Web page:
Britain’s pivotal third party kept its larger suitors – and the electorate – hanging Tuesday,opening formal negotiations with Prime Minister Gordon Brown’s Labour Party to form a new government after talks with the rival Conservatives.
Five days after an election that produced no outright winner,the third-placed Liberal Democrats were playing hardball in hopes of extracting maximum concessions in return for propping up a Conservative or Labour administration.
Brown’s dramatic decision Monday to announce his impending resignation opened the way for a possible deal with the Liberal Democrats – who had demanded his removal as a condition for any deal.
Both of the two main political parties have now offered to meet the Liberal Democrats’ key demand – electoral reform – muddying the differences between the two offers.
Conservative leader David Cameron appeared miffed at the sudden turn of events,which came after both the Conservatives and the Liberal Democrats claimed to be making progress Monday in their coalition talks.
“It is now,I believe,decision time,” Cameron said early Tuesday.
Cameron’s Conservatives – who won the most seats in Parliament in Thursday’s national election but fell short of capturing a majority – have struggled in their attempts to win over the Liberal Democrats.
Though the Liberal Democrats appeared genuinely open to a deal with the Conservatives,they are more ideologically compatible with Labour. Brown’s offer to resign could give Liberal Democrat leader Nick Clegg a viable chance at passing electoral reform and a role in the British government after years on the political fringe.
Yet such a move could be seen by many as an affront to the will of the people,who gave the center-right Conservatives 306 of Parliament’s 650 seats – just short of the 326 needed for a majority. Labour won 258 seats,Liberal Democrats won 57,and smaller parties took the rest.
A Labour-Liberal Democrat alliance would also be weak because it would need the support of other minor parties in order to rule.
Clegg said Tuesday he was “as impatient as anyone else” to resolve the political impasse and said he hoped to make an announcement “as quickly as we possibly can.”
The talks between the Liberal Democrats and the Conservatives had foundered on the issue of voting reform.
The Liberal Democrats have demanded moving the voting system toward proportional representation,which would greatly increase their future seats in Parliament. In the latest election,Liberal Democrats won almost a quarter of the overall vote but that earned them only 9 percent of the seats in Parliament.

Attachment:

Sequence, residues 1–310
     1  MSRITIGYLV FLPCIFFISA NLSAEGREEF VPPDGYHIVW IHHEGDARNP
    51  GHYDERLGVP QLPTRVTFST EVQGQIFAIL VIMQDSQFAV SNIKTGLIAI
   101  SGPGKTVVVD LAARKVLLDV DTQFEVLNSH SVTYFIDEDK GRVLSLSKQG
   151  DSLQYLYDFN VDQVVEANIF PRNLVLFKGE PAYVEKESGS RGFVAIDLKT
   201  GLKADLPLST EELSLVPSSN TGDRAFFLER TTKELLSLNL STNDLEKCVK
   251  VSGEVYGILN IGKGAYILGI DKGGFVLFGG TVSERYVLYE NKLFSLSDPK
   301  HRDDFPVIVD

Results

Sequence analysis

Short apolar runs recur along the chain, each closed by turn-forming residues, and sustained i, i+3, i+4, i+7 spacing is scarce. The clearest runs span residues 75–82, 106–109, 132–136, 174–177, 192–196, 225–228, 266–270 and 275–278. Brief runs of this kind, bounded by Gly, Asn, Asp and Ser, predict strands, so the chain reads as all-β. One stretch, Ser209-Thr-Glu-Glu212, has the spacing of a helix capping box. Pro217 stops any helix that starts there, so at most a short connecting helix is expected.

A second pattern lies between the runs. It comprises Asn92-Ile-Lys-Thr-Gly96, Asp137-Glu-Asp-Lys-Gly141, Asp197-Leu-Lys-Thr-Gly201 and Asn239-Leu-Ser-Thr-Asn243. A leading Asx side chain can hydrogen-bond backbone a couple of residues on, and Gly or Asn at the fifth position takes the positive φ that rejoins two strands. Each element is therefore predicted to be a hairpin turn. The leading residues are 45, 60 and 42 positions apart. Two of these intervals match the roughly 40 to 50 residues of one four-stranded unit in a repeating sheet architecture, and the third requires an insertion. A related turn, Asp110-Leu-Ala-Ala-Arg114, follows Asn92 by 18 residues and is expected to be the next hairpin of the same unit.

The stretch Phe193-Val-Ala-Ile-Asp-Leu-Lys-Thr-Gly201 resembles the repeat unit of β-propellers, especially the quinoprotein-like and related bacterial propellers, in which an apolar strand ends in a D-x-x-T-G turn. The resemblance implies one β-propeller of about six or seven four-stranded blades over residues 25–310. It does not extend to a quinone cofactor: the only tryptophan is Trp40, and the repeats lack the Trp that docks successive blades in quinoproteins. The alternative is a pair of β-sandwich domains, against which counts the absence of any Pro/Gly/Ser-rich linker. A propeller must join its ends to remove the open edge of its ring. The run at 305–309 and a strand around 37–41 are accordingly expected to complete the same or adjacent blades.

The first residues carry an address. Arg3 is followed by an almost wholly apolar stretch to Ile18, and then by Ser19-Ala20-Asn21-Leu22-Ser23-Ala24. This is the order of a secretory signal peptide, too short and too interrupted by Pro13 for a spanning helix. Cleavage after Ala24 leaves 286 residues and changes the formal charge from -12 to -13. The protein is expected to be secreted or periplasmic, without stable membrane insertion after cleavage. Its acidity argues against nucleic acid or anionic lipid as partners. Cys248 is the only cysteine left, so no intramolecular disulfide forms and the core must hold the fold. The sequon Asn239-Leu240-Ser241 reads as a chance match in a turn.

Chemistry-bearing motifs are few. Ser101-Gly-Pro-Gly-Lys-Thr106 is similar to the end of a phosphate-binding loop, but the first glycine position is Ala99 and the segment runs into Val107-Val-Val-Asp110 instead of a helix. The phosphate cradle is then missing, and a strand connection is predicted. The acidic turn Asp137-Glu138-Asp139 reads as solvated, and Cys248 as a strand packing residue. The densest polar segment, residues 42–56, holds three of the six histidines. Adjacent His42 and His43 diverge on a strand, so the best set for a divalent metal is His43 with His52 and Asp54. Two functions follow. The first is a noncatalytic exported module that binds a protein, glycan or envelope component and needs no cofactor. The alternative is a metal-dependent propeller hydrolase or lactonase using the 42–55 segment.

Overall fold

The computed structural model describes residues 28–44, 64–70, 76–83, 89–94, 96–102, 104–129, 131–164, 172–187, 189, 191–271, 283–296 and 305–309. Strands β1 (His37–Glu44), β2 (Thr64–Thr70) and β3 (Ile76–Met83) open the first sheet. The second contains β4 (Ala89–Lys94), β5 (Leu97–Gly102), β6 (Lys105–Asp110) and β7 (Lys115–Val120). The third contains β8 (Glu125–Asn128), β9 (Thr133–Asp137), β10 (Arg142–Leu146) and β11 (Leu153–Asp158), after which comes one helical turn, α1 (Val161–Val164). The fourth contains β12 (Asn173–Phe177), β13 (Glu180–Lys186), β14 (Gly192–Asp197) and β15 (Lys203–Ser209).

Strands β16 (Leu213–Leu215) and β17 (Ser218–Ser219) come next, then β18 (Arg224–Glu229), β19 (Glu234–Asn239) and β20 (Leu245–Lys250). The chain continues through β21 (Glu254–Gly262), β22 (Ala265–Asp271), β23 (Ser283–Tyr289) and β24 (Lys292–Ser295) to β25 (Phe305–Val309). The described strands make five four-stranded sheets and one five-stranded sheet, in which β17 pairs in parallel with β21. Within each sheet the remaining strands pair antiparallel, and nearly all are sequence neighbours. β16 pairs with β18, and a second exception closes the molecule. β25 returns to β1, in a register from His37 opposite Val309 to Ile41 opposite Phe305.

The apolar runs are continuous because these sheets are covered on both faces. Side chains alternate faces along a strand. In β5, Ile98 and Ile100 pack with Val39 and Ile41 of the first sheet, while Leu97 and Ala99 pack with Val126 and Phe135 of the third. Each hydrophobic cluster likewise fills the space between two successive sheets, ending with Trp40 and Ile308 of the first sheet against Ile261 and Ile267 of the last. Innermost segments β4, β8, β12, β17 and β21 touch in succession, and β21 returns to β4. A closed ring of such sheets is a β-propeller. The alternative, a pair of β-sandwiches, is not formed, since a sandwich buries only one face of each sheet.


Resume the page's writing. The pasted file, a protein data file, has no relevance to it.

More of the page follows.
Most Conservatives are adamantly against voting reform,but the party made a limited counteroffer to the Liberal Democrats on Monday – offering a referendum on a less dramatic type of electoral reform.
Still,the talks with the Liberal Democrats left even some Labour supporters uncomfortable.
Former Home Secretary John Reid said such a pact “would be mutually assured destruction.”
He told GMTV on Tuesday that while such a deal might keep Labour in power a little while longer,it ran the risk of alienating even more voters from the party.
“I fail to see how trying to bring together six different parties – and even then not having a majority – will bring the degree of stability we need,” he said. “It may be perceived as acting in our own self-interest. The public aren’t daft.”
While uncertainty prevails,one thing is certain: The career of Brown – the Treasury chief who waited a decade in the wings for his chance to become prime minister – is ending.
Brown accepted blame Monday for Labour’s loss of 91 seats in last week’s election and its failure to win a parliamentary majority.
No other party won outright either,resulting in the first “hung Parliament” since 1974 and triggering a frantic scramble for who will create the next government.
“As leader of my party,I must accept that that is a judgment on me,” Brown said,offering to step down before the Labour party conference in September.
Monday’s drama deepened the post-election limbo that many feared could further undermine confidence in Europe’s financial markets.
The British pound traded at $1.485 Tuesday morning,up from its overnight low of $1.478 but down from around $1.50 before Brown’s announcement.
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